(CNN)Too often the nation only hears about mental illness when tragedy strikes. But there are warriors for mental wellness in many fields, fighting for better treatment and working to defy stigma. CNN highlights nine fighters, from the famous to the everyman, who are making a difference.
Mental wellness warriors: Fighting for those who need it most
Actress and singer Demi Lovato stepped into the mental health advocacy role in 2014 by openly discussing her struggles with bipolar disorder.
"I want to show the world that there is life -- surprising, wonderful and unexpected life -- after diagnosis," she says.
In September, Lovato headlined the National Alliance on Mental Illness' "Call to Action" day, telling the audience she will fight for comprehensive mental health reform. She also launched what she calls the Mental Health Listening and Engagement Tour to meet others struggling with mental health issues.
"Those of us here today," she told NAMI supporters, "know that mental illness has no prejudice. It affects people of every race, age, gender, religion and economic status. ... We need to send the simple message to our nation's leaders: Mental health matters and must be taken seriously."
The 22-year-old singer of smash hits "Let It Go" and "Give Your Heart a Break" struggled with depression and feelings of helplessness. "I'd medicate myself with drugs and alcohol in an effort to feel normal -- not better, just normal."
"I had very low periods that were so emotionally draining that I couldn't find the strength to crawl out of bed."
Her diagnosis of bipolar disorder was a "relief in so many ways." It helped make sense of the desperation she had felt for years.
"Even with access to so much," she told the NAMI crowd, "my journey has not been an easy one."
The former Disney Channel star's recovery was aided by a comprehensive approach: seeing a therapist, getting proper medication, sticking to a treatment plan, being honest with herself and taking better care of her body.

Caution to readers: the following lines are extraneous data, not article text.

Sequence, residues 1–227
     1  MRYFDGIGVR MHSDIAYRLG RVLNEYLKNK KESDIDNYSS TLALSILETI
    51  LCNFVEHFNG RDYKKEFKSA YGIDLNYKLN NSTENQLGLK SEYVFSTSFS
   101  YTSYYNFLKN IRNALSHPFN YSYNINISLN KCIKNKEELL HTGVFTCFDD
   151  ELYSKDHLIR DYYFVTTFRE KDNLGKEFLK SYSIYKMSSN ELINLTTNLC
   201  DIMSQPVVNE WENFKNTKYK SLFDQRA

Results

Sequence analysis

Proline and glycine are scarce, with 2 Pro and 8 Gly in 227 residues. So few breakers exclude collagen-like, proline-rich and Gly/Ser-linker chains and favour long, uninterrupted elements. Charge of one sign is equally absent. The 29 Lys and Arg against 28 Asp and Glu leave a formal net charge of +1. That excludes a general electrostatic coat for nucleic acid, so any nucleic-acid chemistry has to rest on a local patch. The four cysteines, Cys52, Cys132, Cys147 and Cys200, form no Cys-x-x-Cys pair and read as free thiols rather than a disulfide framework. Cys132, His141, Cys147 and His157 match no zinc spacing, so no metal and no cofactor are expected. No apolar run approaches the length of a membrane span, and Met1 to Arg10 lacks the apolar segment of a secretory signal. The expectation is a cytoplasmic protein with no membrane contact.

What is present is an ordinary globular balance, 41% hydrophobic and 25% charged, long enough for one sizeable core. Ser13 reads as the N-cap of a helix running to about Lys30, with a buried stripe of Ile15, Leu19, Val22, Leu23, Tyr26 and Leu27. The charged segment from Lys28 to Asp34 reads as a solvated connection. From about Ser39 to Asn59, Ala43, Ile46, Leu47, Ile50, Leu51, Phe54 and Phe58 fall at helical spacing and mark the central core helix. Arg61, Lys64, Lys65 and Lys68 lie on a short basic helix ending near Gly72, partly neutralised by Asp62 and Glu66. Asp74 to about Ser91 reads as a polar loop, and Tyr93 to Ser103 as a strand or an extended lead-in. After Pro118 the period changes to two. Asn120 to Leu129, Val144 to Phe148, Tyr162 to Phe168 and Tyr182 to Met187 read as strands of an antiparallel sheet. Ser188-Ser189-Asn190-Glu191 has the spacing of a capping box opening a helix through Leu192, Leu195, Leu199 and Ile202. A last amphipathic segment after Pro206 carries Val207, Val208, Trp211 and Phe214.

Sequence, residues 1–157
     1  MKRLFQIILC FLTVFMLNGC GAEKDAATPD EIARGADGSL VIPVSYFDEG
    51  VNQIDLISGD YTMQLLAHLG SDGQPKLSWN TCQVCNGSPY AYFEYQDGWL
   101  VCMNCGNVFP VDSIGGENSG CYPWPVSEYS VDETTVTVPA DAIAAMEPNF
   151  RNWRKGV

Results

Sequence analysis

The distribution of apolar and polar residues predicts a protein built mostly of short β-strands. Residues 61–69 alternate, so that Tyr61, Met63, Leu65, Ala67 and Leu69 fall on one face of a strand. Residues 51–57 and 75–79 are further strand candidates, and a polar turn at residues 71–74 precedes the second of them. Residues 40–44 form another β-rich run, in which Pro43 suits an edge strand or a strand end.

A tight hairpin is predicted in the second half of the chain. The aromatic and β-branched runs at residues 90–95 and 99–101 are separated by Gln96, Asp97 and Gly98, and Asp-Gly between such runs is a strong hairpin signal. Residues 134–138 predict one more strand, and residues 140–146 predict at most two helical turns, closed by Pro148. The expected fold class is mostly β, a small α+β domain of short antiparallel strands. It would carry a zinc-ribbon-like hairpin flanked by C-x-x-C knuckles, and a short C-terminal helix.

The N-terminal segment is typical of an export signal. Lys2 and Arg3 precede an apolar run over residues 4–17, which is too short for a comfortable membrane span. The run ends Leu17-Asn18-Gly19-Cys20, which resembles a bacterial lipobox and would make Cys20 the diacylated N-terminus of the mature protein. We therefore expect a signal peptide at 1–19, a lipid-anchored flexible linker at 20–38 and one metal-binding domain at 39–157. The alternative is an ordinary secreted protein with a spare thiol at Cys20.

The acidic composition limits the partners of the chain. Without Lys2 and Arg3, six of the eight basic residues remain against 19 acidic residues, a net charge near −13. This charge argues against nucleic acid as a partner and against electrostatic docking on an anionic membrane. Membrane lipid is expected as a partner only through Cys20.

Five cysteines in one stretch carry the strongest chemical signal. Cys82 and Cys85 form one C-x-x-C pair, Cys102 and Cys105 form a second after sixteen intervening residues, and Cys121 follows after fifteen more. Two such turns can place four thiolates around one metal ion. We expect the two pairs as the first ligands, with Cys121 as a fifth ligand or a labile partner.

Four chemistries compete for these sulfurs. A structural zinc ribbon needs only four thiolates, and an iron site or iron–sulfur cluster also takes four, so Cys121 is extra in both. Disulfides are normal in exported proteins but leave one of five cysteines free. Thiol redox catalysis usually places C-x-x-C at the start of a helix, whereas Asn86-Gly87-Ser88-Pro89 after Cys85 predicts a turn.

"Doing better with bipolar disorder takes work, and it doesn't always happen at once."
Mental health advocates say trying to reach America's youth is one of the toughest things in overcoming stigma, and that Lovato's star power helps bridge that divide. She says she's proud of her recovery and that she got the "help that I need."
"You can have that, too."
Fred Frese stands as the epitome of successful recovery from mental illness. At 25, he was diagnosed with schizophrenia as a Marine Corps officer, and over the next decade he cycled in and out of military, state, county, Veterans and private hospitals.
In the summer of 1968, he was picked up by police because "I was trying to convert people to love, peace and justice." A magistrate in Ohio found him insane and committed him to the state psychiatric hospital. "Twelve years after I was declared to be insane," Frese says, "I was promoted to be the director of psychology at Ohio's largest state hospital."
Frese travels the nation promoting mental health treatment, giving speeches and serving as a positive example for those with severe mental illness. He says not enough people in recovery speak publicly because the stigma of mental illness is so strong.
Frese is a bundle of energy, a man who speaks in rapid-fire fashion almost like an auctioneer. He approaches mental illness as both patient and practitioner: his schizophrenia kept in check by medication and proper care. He says the nation's mental health care system is in need of drastic reform. He points to the rise in homelessness, suicide and the difficulty in getting treatment.